Canada’s Big Five banks hold nearly $3 trillion in assets. Their capitalization is about 8%.  So their leverage is so great that they would not withstand even a moderate crisis on a “bail-in” of converted contingent capital bonds. A 20-30% hit on assets would crush them. The idea is a joke.

Yet, the Canadian government, for all its ineptitude, must reasonably fear that a critical Canadian bank failure is a plausible situation. Whatever their “bail-in” plan entails, you must remember that CDIC insurance covers only $100,000 of your chequing and savings deposits, and short-term GICs. It doesn’t cover your stock account or your RRSP accounts. Don’t count on the ‘geniuses’ in Ottawa to regulate the economy so effectively that all your money will be safe.

— Read more at CBC —

Investing: Silver vs. Gold

Many people want to know about silver. They want to know how it compares to gold as an investment.

Some call silver a “poor man’s gold.” In other words, the average man on the street is more able to go to a dealer and buy a few ounces of silver than he is a few ounces of gold. Yet “poor man’s gold” is not a fair characterization, because it assumes silver and gold belong in the same category simply because they are both precious metals. The reality is that silver and gold are different in important ways.

I recommend that one’s precious metal holdings be MAXIMUM 25% silver. 15% is probably better. Gold should make up the rest.

First, I invite you to check out the Kitco charts and look at recent price behavior.

In April 2011, silver reached a high of $49. But by June 2012, it hit $27. As I write this, it is $29. Measured from the 2011 highs, this is a massive loss. Nearly 50%.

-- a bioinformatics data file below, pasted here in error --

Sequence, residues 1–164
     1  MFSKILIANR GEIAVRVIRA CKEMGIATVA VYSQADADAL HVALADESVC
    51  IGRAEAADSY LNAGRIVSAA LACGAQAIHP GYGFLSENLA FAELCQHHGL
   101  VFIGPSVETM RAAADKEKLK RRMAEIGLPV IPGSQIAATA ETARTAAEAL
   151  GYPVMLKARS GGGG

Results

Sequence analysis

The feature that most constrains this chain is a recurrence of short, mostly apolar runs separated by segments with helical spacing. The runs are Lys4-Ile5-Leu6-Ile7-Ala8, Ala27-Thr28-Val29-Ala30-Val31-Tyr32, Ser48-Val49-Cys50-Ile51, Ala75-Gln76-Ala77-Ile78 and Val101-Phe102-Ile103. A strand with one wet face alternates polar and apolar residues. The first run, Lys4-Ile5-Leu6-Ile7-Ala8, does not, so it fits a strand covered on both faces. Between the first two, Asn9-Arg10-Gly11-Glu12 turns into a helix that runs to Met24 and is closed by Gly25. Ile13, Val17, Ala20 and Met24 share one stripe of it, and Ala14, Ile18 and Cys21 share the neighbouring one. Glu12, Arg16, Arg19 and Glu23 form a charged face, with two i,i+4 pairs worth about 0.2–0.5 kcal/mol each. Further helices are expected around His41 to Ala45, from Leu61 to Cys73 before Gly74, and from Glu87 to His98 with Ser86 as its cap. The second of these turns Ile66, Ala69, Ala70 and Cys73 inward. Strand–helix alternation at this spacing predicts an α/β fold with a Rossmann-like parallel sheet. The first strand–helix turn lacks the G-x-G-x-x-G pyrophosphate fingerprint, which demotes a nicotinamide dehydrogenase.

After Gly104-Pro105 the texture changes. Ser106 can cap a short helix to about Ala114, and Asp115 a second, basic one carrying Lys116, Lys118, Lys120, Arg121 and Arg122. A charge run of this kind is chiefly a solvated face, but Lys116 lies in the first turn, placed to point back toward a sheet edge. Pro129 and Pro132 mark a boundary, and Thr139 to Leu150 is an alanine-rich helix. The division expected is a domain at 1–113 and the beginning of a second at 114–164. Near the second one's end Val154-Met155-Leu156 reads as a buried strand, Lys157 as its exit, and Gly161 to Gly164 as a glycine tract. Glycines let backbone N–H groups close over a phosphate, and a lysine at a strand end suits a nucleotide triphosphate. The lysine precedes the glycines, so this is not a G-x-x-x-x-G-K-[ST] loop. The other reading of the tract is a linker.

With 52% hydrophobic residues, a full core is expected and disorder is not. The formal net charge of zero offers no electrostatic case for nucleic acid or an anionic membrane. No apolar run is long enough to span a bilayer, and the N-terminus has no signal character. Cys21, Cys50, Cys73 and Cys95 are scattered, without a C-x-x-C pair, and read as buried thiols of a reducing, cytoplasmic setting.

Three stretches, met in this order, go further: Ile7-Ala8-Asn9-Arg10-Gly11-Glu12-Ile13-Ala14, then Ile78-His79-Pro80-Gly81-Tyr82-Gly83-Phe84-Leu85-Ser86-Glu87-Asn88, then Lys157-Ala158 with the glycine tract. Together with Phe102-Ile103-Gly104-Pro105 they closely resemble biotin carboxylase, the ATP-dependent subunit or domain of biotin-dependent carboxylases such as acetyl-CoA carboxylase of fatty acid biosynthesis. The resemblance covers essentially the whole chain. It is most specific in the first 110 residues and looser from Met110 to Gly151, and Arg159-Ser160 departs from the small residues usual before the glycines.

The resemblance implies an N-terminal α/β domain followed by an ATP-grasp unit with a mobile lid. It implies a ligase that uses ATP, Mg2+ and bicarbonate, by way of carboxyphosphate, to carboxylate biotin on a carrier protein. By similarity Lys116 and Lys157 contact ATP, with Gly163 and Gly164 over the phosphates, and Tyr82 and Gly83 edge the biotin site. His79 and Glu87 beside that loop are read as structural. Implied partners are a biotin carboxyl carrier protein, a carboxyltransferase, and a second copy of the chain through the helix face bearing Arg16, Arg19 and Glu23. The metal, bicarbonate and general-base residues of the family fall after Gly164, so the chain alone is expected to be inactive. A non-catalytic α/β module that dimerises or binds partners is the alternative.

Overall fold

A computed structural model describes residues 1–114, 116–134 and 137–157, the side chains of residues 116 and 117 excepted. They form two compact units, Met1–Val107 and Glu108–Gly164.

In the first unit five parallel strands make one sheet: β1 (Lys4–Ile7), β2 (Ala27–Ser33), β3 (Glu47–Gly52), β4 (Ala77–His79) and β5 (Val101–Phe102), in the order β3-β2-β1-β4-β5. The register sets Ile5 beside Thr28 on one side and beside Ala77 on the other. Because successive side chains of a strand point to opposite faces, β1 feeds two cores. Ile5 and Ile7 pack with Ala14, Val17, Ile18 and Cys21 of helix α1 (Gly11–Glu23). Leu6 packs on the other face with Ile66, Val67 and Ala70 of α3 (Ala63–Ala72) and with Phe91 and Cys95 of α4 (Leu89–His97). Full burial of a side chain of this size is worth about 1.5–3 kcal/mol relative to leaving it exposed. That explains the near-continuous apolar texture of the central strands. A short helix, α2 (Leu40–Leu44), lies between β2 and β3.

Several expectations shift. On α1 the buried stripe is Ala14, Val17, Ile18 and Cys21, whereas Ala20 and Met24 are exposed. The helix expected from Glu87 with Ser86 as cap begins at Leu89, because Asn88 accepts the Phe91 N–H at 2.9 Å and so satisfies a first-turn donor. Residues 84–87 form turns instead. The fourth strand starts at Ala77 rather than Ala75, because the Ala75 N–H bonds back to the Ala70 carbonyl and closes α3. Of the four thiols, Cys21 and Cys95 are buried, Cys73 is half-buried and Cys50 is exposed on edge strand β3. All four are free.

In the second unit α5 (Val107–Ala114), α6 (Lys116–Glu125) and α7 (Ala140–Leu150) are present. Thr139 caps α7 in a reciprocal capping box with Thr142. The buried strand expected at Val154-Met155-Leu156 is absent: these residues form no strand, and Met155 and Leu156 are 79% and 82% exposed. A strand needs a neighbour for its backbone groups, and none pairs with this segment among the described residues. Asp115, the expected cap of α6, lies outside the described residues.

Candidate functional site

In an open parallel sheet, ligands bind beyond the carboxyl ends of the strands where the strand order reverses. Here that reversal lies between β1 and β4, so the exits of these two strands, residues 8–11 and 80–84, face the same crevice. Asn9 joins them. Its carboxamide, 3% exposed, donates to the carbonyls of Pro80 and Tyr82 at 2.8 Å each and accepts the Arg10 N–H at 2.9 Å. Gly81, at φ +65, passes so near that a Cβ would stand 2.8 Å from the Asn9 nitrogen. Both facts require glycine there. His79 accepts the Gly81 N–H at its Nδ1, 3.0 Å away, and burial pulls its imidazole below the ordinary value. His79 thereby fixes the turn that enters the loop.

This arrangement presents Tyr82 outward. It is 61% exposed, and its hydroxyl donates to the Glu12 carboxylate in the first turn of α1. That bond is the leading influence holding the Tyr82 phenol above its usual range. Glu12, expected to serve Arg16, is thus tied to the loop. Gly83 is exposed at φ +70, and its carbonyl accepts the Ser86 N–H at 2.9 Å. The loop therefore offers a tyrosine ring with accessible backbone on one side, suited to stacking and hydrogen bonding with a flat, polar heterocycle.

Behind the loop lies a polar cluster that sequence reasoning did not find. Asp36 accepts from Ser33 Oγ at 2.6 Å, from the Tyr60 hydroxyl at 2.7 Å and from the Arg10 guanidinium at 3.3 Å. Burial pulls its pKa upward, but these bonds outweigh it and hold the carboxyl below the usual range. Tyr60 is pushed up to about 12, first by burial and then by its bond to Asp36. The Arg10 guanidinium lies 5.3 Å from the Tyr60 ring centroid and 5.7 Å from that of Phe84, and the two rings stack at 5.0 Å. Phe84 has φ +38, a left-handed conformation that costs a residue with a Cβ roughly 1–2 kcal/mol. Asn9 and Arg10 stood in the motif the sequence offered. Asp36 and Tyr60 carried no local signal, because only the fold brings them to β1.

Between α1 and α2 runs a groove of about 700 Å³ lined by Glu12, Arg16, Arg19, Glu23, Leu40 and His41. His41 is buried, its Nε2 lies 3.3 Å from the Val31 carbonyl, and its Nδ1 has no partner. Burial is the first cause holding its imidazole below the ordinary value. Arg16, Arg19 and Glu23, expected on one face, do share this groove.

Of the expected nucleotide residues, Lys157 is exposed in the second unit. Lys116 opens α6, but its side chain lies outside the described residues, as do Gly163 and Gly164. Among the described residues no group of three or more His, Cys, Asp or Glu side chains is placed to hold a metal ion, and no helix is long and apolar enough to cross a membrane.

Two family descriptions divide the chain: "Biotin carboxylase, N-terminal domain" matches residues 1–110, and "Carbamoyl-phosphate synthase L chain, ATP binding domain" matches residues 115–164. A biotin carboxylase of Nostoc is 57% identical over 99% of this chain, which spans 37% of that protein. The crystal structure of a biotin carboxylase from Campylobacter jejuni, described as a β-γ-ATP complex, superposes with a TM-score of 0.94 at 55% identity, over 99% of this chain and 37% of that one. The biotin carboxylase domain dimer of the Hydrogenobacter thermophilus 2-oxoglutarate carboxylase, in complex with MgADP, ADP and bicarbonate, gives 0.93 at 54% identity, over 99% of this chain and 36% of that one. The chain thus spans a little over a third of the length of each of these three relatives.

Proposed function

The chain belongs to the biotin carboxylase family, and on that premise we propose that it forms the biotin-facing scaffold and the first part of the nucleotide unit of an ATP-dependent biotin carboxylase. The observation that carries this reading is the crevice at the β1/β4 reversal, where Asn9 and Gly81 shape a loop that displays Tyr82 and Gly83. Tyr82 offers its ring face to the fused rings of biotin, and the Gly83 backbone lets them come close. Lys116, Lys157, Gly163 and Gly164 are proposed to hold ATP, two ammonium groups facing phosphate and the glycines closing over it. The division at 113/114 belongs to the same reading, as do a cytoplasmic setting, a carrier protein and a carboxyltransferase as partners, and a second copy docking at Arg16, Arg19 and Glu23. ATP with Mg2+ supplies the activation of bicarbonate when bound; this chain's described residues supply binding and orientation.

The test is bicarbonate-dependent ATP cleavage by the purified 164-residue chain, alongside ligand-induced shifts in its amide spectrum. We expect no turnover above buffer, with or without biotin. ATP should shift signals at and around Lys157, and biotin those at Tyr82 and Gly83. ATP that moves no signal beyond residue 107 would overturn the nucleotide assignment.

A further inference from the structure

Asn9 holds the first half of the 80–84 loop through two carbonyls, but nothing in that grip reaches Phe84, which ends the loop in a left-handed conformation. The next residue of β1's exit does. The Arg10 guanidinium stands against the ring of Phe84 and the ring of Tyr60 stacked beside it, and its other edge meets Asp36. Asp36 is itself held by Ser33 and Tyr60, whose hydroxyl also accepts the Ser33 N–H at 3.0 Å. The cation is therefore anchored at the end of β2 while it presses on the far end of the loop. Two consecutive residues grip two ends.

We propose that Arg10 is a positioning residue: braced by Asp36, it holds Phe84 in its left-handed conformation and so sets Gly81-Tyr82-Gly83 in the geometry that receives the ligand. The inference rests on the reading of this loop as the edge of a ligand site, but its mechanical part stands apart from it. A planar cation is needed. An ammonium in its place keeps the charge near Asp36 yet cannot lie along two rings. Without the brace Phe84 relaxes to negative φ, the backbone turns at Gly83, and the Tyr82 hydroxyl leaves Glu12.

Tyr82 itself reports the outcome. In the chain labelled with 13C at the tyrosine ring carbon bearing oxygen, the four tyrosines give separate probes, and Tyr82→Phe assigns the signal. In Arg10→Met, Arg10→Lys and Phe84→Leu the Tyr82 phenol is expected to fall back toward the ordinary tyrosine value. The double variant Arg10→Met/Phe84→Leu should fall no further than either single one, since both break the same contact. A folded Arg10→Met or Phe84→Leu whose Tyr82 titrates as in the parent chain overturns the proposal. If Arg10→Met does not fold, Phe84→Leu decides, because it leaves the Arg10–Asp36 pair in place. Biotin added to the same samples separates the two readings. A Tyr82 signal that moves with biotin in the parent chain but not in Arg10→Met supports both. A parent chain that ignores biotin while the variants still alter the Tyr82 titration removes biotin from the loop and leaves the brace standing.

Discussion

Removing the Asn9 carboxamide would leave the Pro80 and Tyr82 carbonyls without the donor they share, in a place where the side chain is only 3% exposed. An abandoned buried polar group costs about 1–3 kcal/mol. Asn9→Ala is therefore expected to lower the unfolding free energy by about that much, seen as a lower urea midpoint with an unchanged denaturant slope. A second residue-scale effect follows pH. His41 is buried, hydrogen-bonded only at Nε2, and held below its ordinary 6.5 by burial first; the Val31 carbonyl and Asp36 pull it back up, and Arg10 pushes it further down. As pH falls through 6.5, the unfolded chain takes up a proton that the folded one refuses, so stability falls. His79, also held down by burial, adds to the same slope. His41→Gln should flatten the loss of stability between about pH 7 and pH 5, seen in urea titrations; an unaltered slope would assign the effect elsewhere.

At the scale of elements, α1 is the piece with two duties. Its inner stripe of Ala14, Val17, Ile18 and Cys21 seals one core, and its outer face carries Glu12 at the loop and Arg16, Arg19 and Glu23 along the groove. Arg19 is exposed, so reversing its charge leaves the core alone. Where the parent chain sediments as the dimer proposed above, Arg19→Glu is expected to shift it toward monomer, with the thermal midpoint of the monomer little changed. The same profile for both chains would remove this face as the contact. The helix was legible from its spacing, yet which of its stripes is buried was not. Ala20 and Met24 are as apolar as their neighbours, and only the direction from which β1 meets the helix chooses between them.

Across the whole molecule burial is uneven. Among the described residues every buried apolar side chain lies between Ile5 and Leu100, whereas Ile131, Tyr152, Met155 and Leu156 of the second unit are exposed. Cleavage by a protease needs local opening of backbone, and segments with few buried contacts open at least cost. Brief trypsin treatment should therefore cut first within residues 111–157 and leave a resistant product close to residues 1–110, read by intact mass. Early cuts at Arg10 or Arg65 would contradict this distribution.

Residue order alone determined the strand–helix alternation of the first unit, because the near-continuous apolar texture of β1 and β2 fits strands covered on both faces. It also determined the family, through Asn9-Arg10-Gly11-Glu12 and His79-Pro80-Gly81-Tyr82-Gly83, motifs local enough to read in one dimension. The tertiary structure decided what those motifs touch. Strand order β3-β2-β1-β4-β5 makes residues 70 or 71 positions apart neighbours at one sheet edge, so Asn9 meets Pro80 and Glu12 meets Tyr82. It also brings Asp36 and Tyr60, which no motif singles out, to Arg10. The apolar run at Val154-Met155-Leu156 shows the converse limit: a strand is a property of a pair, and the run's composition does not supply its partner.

Now look at gold. In September 2011, gold hit a high of $1895. In May 2012, it bottomed at $1540. As of right now, it is $1580. Measured from the 2011 highs, this is a moderate loss. Nearly 20%.

The idea reflected here is that silver is much more volatile.

Look back to 1980. Silver fell from $50 to $3.60 in 1991. Gold, at its worst, fell from $850 in 1980 to $255 in 2001. It’s like losing your house and all your money, instead of just all your money.

So when gold sells off, silver will sell off  harder and faster. Silver bulls will argue that the potential gains are much, much higher with silver than with gold. This is plausible, if only because silver is 40% down from its all time high and gold is 17% down from its all time high, and there are strong reasons to believe that both will move upwards.

Why the volatility? The primary reason is industrial demand, which for gold is very small. It is significant for silver, however. During a panic, the price for raw materials plummets.

Gold is different. You could say it commands a premium. This is essentially because gold is regarded as a monetary metal even though it is not money. Central banks buy and sell gold. They have it in their vaults. Central banks don’t stock silver. Wealthy people want gold in a crisis, and silver is much less interesting. Indian families buy it when their daughters get hitched. Asians use it to protect against inflation.  Silver really doesn’t serve that purpose, and I do not believe it will in the near future.

Silver will probably have a bigger bull market than gold by the time Great Depression 2 hits. But if you want to buy precious metals because you are afraid of people like Bernanke and Carney, then you want gold. Silver is a higher risk trade. Gold will perform better in a panic, which is when silver will perform horribly.

In either case, your objective is to hold until the error cycle reaches its final moments before we enter a deflationary depression. Because at that point, you want to unload all your gold and silver and get currency and bonds from institutions that won’t go broke. It’s a trade that would be harder to time correctly with silver than with gold.

All this being said, there is one other important advantage gold has over silver: your wife or girlfriend will like gold jewelry more than silver jewelry.

%d bloggers like this: